Tuesday, April 19, 2016

The Meaning and Purpose of Life in Twenty Natural Desires

To the question of the meaning and purpose of human life, the best answer--the answer we all give by the way we live our lives--is that we find the meaning and purpose of our lives in striving for the fullest satisfaction of our natural desires.  Evolutionary science helps to explain why we are moved by the twenty natural desires of our evolved human nature.  That scientific explanation is supported by lots of evidence.  One of the best general surveys of that evidence is Stephen Sanderson's Human Nature and the Evolution of Society (Westview Press, 2014).

Some of what Sanderson says, however, seems to deny that science can teach us anything about the meaning and purpose of life.  First of all, he warns against the naturalistic fallacy in inferring anything about moral values from natural facts.  And, secondly, he dismisses teleological thinking about the ultimate purpose of life as mistaken.  But implicit in Sanderson's writing is the recognition that we can rightly infer moral values from functional facts, and that even if we cannot find any cosmic purpose for life, we can find the immanent purpose of life inherent in our natural human desires.

After explaining the naturally evolved differences in the propensities and abilities of men and women, so that men on average are less inclined than are women to certain kinds of activities, Sanderson warns against the assumption that such natural tendencies tell us anything about what men and women should do.  This is the naturalistic fallacy:  deriving an "ought" from and "is."  One cannot infer a moral judgment from a purely descriptive statement about how human beings behave.  If men are naturally inclined towards careers such as firefighting, and women are naturally inclined towards careers such as nursing, it does not follow logically that men should be firefighters, or that women should be nurses (238).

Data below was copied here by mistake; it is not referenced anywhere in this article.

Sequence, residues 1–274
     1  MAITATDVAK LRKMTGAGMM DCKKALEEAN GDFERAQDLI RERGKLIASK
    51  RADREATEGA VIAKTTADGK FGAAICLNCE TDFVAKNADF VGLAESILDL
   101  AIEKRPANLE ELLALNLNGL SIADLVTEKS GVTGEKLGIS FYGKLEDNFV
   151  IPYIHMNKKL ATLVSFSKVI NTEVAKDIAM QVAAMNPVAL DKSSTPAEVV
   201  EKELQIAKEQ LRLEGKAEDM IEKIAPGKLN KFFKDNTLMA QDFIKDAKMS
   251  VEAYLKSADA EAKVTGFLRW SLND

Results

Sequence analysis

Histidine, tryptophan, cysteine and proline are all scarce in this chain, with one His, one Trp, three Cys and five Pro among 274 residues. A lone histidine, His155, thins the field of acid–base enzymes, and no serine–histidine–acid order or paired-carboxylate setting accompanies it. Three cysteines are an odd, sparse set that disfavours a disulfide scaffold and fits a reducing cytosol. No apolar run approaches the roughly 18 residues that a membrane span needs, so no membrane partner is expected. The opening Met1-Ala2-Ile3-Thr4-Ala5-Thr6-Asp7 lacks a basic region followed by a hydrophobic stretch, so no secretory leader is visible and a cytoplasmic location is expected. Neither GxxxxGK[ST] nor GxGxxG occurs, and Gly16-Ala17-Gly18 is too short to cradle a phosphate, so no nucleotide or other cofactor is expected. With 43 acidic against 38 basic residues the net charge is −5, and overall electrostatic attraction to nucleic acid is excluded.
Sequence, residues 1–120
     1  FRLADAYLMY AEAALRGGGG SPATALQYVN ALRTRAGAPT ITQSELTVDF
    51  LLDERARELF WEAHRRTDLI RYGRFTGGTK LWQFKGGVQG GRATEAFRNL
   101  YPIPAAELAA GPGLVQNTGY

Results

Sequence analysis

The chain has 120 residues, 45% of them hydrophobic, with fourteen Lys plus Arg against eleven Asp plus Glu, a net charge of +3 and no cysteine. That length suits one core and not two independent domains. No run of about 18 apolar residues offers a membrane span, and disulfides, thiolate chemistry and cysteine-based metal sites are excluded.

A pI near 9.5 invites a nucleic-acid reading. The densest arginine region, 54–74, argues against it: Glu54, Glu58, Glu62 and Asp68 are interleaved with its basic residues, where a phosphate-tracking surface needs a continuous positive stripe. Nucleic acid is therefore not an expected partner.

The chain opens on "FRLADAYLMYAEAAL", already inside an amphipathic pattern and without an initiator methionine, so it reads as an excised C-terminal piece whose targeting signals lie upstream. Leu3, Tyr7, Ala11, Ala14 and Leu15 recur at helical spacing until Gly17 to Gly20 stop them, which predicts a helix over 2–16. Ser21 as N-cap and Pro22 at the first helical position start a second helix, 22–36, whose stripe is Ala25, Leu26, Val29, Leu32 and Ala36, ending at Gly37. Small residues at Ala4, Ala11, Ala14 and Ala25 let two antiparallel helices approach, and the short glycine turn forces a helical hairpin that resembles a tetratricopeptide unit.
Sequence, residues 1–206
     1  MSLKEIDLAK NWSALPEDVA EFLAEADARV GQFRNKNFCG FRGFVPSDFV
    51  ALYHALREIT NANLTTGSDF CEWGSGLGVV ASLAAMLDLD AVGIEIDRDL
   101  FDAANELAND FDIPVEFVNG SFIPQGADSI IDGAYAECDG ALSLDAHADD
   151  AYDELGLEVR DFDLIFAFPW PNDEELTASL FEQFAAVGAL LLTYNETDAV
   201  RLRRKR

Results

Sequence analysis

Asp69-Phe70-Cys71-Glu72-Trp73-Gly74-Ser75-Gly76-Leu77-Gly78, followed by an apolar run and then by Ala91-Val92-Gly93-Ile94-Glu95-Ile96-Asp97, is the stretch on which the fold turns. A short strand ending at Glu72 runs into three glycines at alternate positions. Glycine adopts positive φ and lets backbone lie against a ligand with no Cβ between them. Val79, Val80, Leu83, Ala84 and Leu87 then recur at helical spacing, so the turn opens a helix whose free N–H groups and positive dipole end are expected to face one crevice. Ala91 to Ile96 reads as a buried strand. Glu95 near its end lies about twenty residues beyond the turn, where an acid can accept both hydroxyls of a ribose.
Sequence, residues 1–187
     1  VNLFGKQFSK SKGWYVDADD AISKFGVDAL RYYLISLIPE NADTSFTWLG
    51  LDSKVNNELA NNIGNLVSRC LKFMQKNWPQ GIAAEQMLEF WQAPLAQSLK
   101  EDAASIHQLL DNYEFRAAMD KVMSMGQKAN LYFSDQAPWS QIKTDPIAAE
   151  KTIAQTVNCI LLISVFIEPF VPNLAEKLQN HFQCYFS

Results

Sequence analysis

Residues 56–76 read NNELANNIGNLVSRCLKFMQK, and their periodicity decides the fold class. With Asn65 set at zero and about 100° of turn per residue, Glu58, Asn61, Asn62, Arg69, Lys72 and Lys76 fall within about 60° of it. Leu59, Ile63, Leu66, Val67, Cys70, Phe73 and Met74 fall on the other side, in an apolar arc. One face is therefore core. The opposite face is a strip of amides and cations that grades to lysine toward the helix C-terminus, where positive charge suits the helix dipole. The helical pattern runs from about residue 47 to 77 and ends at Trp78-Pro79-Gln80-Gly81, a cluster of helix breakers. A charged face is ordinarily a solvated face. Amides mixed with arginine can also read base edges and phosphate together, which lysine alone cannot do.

And yet Sanderson seems to contradict himself in his writing about scientific research when he uses value-laden language--such as judging some behavior as "dysfunctional"--which seems to commit the naturalistic fallacy.  For example, when he reports Harry Harlow's famous experiments with young monkeys reared by artificial mothers made of wire rather than real mothers.  The monkeys exposed only to artificial mothers showed "severe emotional disturbance" and "dysfunctional" behavior, comparable to what happens to human children reared in orphanages without any maternal care (192-95, 210).

More generally, Sanderson concludes his book by arguing that evolutionary science can give an answer to the question of the meaning of life.  "The meaning of human existence is to achieve satisfaction with respect to the basic goals and desires that are part of human nature.  Since in real life these goals and desires are often in conflict, they must be harmonized or balanced in some way" (382).  He then offers a slightly modified version of my list of twenty natural desires.

And while Sanderson rejects any teleological belief in "some deep cosmic purpose embedded in the universe or, more likely, in the mind of God," he does see a purpose embedded in the desires of human nature: "If there is no ultimate purpose to our lives, life is emptied of all meaning.  Why then bother to live at all? The reason to bother is to fulfill the desires that emanate from our species-specific human nature.  This is sufficient.  There doesn't need to be anything else for life to be meaningful" (383, 386).

I agree.  Even if science cannot support a cosmic teleology of purposes set by a Cosmic God, Cosmic Nature, or Cosmic Reason, science can support an immanent teleology of purposes set by human nature, human culture, and human individuals, by which human nature and human culture constrain but do not determine the purposes set by human individuals in deciding how best to rank and harmonize their natural desires over a whole life well lived.

And so, for example, we can judge that children deprived of parental care are likely to show "dysfunctional" behavior because it is hard for children to become happy adults if their natural need for parental care has not been satisfied.

In this way, a natural science of human nature can support moral judgments through the hypothetical imperatives of given-if-then reasoning: given the evolved human nature of our desires, if we want to live desirable lives, then we must live in ways that are most likely to satisfy those desires.

Some of my posts on these points can be found here, here, here., here., and here.

1 comment:

Anonymous said...

Communism died after 50 years when it became obvious it wasn't in people's interests. Religion has survived for 10000+ years. If it wasn't in people's interests it would have died too. It is no coincidence that religion and civilization have always gone together, you can't have one without the other because in addition to your nice sounding desires people have evil anti-civilization desires and religion fights these and makes civilization possible.